Friday, March 20, 2015

Mystery about this Picture Deepens. Ottoman Imperial Archives Is also Mistaken

Two years ago we published this Library of Congress photo and the caption identifying it as a "Turkish procession," taken sometime between 1898 and 1918.

Caption 1. "Turkish procession," dated between 1898 and 1918 (Library of Congress)
Caption 2. "Ottoman Palestine in World War I (1914-1917)" (Facebook, Ottoman Imperial Archives)
Caption 3."Ottoman Palestine, Ottoman Soldiers" (Flickr, Ottoman Imperial Archives)

With the recent Online posting of pictures from the Ottoman Imperial Archives -- including this photograph -- we hoped that we could get some answers to the "who, what, where" questions. 

The mystery only got deeper.  

The procession is not Turkish and these are not Ottoman soldiers.

The people in the procession are most definitely Jews -- Sephardic, Haredim, and modern.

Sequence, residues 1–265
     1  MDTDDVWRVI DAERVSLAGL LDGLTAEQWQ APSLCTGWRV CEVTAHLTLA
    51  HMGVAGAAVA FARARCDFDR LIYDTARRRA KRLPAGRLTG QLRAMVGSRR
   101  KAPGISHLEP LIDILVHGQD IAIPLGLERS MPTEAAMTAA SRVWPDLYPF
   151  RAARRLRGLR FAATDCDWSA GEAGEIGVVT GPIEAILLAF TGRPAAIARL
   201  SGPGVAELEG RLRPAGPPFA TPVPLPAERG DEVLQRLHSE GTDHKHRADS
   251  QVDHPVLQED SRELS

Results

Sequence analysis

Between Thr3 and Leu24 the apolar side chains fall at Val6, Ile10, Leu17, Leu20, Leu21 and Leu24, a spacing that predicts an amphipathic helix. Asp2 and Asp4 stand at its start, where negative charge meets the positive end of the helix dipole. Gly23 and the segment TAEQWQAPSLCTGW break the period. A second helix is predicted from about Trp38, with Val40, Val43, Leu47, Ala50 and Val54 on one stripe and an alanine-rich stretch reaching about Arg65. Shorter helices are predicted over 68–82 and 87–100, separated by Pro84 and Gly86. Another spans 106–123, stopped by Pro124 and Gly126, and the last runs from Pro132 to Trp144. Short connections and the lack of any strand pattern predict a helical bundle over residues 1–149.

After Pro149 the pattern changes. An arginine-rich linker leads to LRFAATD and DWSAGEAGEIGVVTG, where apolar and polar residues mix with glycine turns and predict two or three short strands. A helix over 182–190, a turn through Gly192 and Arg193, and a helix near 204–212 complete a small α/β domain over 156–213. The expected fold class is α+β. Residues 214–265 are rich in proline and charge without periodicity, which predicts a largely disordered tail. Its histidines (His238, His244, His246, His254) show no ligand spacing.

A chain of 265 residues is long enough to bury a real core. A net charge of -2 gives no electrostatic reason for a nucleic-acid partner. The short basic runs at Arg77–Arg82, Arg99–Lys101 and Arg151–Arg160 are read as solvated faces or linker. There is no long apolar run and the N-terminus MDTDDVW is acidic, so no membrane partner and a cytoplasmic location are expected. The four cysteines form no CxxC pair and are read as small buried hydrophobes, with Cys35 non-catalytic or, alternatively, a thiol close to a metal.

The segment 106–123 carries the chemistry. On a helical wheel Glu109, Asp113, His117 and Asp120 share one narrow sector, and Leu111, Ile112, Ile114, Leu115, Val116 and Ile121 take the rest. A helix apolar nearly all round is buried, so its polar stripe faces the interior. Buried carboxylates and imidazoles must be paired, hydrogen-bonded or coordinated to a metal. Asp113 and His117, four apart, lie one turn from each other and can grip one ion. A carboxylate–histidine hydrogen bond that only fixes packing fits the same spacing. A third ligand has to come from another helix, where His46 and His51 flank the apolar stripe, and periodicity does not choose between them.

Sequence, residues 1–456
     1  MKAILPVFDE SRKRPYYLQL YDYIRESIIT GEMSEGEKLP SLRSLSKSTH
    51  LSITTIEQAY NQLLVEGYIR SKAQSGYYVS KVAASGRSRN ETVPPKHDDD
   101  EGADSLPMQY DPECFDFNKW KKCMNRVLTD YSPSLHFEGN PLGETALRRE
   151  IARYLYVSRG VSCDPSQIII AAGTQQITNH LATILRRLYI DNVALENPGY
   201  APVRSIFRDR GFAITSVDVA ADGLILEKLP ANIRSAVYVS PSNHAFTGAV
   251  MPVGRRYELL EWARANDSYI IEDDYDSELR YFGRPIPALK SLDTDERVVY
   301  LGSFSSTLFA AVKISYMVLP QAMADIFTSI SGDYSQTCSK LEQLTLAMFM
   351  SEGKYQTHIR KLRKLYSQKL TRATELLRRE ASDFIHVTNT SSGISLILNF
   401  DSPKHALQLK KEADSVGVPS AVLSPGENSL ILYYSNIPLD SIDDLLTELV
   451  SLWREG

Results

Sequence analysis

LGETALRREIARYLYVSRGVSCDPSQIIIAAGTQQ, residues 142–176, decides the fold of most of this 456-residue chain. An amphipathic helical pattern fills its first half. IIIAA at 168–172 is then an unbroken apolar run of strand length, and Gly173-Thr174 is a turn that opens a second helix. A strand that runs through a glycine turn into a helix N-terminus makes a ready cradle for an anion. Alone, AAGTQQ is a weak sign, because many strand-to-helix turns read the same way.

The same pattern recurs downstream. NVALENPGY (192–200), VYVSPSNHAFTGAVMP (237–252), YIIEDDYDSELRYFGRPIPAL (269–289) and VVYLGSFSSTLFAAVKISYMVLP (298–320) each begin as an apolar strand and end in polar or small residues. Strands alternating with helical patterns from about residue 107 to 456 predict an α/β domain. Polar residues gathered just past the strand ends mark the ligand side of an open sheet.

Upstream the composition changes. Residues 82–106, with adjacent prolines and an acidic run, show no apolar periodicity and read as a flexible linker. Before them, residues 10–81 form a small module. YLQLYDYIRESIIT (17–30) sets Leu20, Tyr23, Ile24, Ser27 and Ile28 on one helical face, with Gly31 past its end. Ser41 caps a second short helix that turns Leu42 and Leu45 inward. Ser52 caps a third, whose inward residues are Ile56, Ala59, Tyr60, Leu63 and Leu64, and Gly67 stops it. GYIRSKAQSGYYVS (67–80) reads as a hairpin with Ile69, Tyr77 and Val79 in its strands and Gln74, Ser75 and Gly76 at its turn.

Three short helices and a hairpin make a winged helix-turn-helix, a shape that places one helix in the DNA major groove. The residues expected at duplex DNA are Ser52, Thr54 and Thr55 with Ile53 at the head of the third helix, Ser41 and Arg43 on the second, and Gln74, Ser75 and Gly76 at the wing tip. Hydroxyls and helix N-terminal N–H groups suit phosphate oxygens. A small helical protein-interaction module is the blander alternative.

The procession is not in Ottoman Palestine or dated between 1914-1917 or 1918.

The presence of at least one British soldier means that the photograph was taken after 1918 -- after the British captured Jerusalem in December 1917.  

The day was not a major Jewish holiday or Shabbat -- 

Some people were riding on horses or wagons, nor were the men wearing their Shabbat finery.

Perhaps they were going to or coming from a funeral -- 

There are very few women in the picture, in keeping with a Jerusalem custom at the time of women not attending funerals.

The picture contains 2 signs, including a sign post that could suggest where it was taken, but our graphics programs could not decipher the signs.

View some of the enlargements made from the photograph:

Jews in the procession

A British soldier 



  1. I share in a FB group to get some ideas

    1. The two signposts are "for sale" signs. The front sign has the English words "for | sale" on the second line; the tope line may say something like "Nr 5 | Nr 6".
      The rear sign has the English words "for sale" on the top right; it may have the equivalent Hebrew term "lamachir" on the top left. So they're walking through a housing development - perhaps that's what they're actually visiting?